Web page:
How to make sauerkraut

Josh Sherman
6 min read

Sauerkraut is one of my favorite things to make. Incidentally, it’s one of the easiest things to prepare. It’s always an exercise in extreme patience. As they say, “it’s ready when it’s ready”.

Before we talk about it being ready, let’s talk about how to start your journey.

To begin you will need cabbage and salt. The cabbage can be any variety of your choosing, you can even use Brussels sprouts. For the salt, stick to something like sea salt or kosher salt as the iodine in table salt could give you trouble.

I mostly make kraut from green cabbage and the cabbage to salt ratio is only about 1.5 tablspoons for every 3-5lbs (which is usually a single head). It make not seem like a lot of salt, but it should be enough to get the juices flowin’ and the enzymes working.

You will also need a way to cut up the cabbage (mandoline, V-slicer, good ol’ fashioned knife) and a vessel to ferment in. You can get some really nice crocks that are specially made for making saurkraut or you can just do what I do and use a large glass jar. Stay away from plastic.

The size of the vessel will really depend on the amount of cabbage you are planning to put in it. Since sauerkraut has a tendency to “burp” and bubble over when you fill the container up too far, I tend to fill the jars only 2/3 of the way to the top.

Preparation is about as simple as it gets. You’ll want to slice and dice your cabbage, very much to your liking (but thinner slices means more surface area for the salt to touch). You’ll take that sliced cabbage, put it in a bowl and sprinkle on the salt. Then you’re gonna [wo]man-handle it.

Squish it up, punch it down, make sure that the salt gets mixed in. You’ll notice as you give it the business that the cabbage will start to release liquid. Once it starts to release it’s juices, you can start to pack your jar(s). Be sure to pour any liquid left in the bowl into the jar.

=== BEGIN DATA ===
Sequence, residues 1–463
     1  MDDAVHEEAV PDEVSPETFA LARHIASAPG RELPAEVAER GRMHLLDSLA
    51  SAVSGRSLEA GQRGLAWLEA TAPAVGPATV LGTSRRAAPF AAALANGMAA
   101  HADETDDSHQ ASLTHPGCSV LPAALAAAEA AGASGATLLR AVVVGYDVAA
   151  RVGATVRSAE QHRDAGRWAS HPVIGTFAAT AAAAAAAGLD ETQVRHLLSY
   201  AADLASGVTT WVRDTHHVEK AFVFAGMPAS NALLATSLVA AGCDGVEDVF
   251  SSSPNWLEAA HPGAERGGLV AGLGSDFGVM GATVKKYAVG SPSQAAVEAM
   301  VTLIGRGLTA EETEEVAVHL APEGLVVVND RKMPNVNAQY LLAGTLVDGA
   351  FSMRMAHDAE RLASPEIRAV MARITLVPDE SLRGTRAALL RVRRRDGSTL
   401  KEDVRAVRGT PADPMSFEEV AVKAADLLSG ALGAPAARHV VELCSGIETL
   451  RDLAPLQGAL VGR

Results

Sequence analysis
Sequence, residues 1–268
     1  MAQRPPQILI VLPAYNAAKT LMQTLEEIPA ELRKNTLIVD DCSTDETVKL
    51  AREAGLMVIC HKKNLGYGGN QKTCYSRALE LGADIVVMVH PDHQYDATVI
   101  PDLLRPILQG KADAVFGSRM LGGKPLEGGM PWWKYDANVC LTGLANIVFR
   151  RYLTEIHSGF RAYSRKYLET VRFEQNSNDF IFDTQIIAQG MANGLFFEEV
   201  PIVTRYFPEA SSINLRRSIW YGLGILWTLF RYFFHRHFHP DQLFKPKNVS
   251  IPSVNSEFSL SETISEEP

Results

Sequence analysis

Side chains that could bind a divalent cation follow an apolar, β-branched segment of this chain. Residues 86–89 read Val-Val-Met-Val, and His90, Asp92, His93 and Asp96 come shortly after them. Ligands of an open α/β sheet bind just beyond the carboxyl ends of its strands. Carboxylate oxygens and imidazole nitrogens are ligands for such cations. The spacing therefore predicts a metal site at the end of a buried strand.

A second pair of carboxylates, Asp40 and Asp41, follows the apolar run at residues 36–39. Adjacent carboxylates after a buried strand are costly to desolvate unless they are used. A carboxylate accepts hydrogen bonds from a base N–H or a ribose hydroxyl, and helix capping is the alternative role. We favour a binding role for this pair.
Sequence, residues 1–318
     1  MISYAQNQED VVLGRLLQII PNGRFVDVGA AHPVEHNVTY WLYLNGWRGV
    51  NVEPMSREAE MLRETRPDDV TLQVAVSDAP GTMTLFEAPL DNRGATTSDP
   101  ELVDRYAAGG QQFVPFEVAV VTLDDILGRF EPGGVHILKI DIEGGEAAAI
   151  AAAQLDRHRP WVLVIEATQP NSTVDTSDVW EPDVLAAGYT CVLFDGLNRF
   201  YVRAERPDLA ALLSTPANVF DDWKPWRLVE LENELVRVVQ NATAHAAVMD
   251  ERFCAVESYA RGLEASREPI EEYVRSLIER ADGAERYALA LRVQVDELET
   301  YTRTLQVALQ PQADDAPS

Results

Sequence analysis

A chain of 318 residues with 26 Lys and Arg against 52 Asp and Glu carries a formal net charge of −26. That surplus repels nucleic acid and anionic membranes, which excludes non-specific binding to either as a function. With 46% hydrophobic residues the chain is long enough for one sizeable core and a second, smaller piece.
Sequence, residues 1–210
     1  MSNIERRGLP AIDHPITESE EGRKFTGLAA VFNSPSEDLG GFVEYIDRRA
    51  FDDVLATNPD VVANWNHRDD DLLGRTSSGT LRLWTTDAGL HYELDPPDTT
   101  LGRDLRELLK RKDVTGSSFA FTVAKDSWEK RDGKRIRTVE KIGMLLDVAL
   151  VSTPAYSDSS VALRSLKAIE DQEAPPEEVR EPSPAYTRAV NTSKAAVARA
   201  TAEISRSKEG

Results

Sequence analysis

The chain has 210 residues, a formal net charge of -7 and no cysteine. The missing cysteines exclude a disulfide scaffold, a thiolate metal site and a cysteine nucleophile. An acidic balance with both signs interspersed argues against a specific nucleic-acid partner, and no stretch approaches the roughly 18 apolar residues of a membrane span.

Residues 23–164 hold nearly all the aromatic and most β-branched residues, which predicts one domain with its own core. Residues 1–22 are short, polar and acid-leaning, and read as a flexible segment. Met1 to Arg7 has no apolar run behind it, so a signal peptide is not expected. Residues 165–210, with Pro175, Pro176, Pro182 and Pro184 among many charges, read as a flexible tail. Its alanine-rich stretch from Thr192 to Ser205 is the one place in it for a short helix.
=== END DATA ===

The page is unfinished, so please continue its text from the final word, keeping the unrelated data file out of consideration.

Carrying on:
Side note, you could put the cabbage into the jar and sprinkle a little salt at a time over it, massaging it in layers. I’ve used this technique but I find it takes far too much time and effort and doesn’t allow me to really take out my aggression on the cabbage.

Now that the cabbage and salt mixture is in it’s new home, you need to give it a few hours to release more of it’s liquid. After 2-4 hours, punch the cabbage back down again and determine if you have enough liquid to cover the cabbage. If you don’t have enough liquid, you will need to add some brine.

Brine is just a mix of salt and water. I use the ratio of 2 cups of water to 1 tablespoon of salt. Just as before, use something like sea salt or kosher salt. Also, you should try to use filtered water (or tap water you’ve let sit around for a bit) as the chlorine from tap water could cause problems.

Even though I make 2 cups of brine at a time, I usually don’t need a whole heck of a lot to cover the cabbage. I only weant the cabbage to be 1/2 to 3/4 of an inch or so below the brine. There will be stubborn cabbage that floats up which I don’t pay much mind to because of how I weight things down.

To weight down the cabbage to keep it as best submerged as possible, I stick a ziplock baggie filled with brine on top. The brine not only provides weight, but the nature of liquid ends to create a bit of a seal around the edge and keeps the majority of the little floating pieces below the surface.